→ The key impediment to low-cost, long-range electric cars is batteries. Batteries are expensive. They have to come down in price considerably in order for a financially viable long-range electric car to reach the average price of a new car in the United States (~$31,000). As noted above, the way to bring down the price is to increase production. But demand for your products needs to grow (incrementally, at first) in order to increase production in a financially sustainable way. Tesla has driven (no pun initially intended) demand for its own electric cars as well as for other manufacturers’ electric cars by producing a very attractive sports car with impressive specs and performance (the Tesla Roadster), the quickest sedan in history by a large margin (the Tesla Model S), and now the quickest production SUV in history (the Model X). In the latter two cases, the S and X aren’t just quick for their class, but they’re quicker than almost every production car in history. The handful of cars quicker than a Model S mostly cost over $1 million and/or were produced in very low numbers. Additionally, they don’t seat a family of 5 to 7 people.

Aside from the quickness, these vehicles have other neat cutting-edge features, like the most advanced autonomous driving suite on the market, over-the-air software updates, falcon-wing doors, the most effective air filter in a car … by a large margin (on the Model X), and the biggest windshield in the world (on the Model X). The point is, Tesla is stimulating massive demand for high-priced vehicles so that it can scale up battery production enough to significantly bring down costs. No other automaker is producing such exciting and desired electric vehicles.

Tesla Model X Black Eye

Photo by Kyle Field

Tesla Model X red 2

Photo by Kyle Field


Photo by Zachary Shahan

→ Tesla isn’t just generating as much demand as possible for electric car batteries (via highly desired electric vehicles) — it’s also building (with Panasonic) a battery “gigafactory” in Nevada that will eventually produce as many batteries in a year as the entire world produced in 2013. It is taking this initiative in the manufacturing space in order to ensure that batteries are being produced at a massive scale in a few years, which is what’s needed to bring down costs. Tesla is also doing what it can at the chemistry level to further cut battery costs. As far as we know, no other car manufacturer is engaged in any way (whether as a manufacturer or as the partner of a manufacturer) in increasing and improving battery production to such a large degree.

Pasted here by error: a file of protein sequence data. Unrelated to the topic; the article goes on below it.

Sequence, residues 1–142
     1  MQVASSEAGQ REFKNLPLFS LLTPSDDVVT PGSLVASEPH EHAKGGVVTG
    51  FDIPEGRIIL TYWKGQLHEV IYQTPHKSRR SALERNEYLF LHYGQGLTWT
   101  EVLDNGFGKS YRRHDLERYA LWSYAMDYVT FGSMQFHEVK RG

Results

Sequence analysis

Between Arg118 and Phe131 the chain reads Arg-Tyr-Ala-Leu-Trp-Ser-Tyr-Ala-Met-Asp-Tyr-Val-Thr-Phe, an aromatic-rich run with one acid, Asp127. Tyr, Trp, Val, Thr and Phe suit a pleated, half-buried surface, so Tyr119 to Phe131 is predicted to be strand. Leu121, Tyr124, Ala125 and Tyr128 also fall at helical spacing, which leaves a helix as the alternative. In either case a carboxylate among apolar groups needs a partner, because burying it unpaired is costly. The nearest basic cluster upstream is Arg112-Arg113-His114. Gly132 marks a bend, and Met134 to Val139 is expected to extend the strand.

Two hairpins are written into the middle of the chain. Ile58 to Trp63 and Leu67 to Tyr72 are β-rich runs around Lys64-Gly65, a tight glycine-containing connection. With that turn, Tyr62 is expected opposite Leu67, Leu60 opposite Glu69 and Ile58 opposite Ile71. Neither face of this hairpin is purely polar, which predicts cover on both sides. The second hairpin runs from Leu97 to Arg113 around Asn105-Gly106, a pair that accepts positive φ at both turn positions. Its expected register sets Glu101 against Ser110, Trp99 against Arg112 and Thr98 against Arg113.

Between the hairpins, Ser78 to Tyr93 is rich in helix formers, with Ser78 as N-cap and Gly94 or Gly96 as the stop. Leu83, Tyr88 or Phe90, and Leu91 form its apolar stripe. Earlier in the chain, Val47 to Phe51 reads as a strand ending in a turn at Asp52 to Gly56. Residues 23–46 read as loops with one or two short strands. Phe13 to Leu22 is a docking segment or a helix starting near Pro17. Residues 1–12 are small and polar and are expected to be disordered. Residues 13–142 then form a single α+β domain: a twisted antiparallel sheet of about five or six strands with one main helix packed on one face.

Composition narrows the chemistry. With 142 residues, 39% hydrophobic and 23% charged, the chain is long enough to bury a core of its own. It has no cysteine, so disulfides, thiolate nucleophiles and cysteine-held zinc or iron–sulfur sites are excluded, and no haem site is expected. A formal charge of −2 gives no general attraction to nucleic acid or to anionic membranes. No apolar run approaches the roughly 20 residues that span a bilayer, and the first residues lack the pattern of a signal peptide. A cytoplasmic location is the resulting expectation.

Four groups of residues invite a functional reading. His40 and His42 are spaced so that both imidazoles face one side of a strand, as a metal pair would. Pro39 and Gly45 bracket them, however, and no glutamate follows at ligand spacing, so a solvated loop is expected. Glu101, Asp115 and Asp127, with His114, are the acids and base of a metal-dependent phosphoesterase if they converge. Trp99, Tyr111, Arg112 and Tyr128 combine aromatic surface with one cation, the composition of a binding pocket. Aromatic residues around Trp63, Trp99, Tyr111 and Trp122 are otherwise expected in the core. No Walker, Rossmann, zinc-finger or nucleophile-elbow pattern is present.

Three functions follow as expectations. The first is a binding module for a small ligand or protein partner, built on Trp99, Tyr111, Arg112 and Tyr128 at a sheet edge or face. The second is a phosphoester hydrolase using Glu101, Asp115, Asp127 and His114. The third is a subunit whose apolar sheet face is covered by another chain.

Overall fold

So, yes, Tesla is still producing very high-priced sedans and SUVs, but it is doing so in order to increase battery production, in order to bring down battery prices, in order to bring down electric car prices, in order to electrify transport.

Elon and Tesla are doing this out of a desire to help protect society from itself and to get back on a sustainable path — to “save the world,” if you want to use a common phrase.

It may seem like Tesla is just producing and selling fancy toys for the rich for a bit of fun, but the plan has long been much, much bigger than that. It was shared with the world in 2006, but I’m sure it was on Elon’s mind, and on the minds of many Tesla founders and employees, much further back than that.

Thanks to Bonnie Norman for partially stimulating this story with the picture of her Tesla Roadster and Tesla Model X at the top. Thanks to a CleanTechnica writer from ages back for reminding me this week that even many cleantech enthusiasts don’t know about Tesla’s master plan. And thanks to Elon and Tesla for trying to save the world.

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About the Author

Zach is tryin' to help society help itself (and other species) with the power of the word. He spends most of his time here on CleanTechnica as its director and chief editor, but he's also the president of Important Media and the director/founder of EV Obsession and Solar Love. Zach is recognized globally as a solar energy, electric car, and energy storage expert. He has presented about cleantech at conferences in India, the UAE, Ukraine, Poland, Germany, the Netherlands, the USA, and Canada. Zach has long-term investments in TSLA, FSLR, SPWR, SEDG, & ABB — after years of covering solar and EVs, he simply has a lot of faith in these particular companies and feels like they are good cleantech companies to invest in. But he offers no professional investment advice and would rather not be responsible for you losing money, so don't jump to conclusions.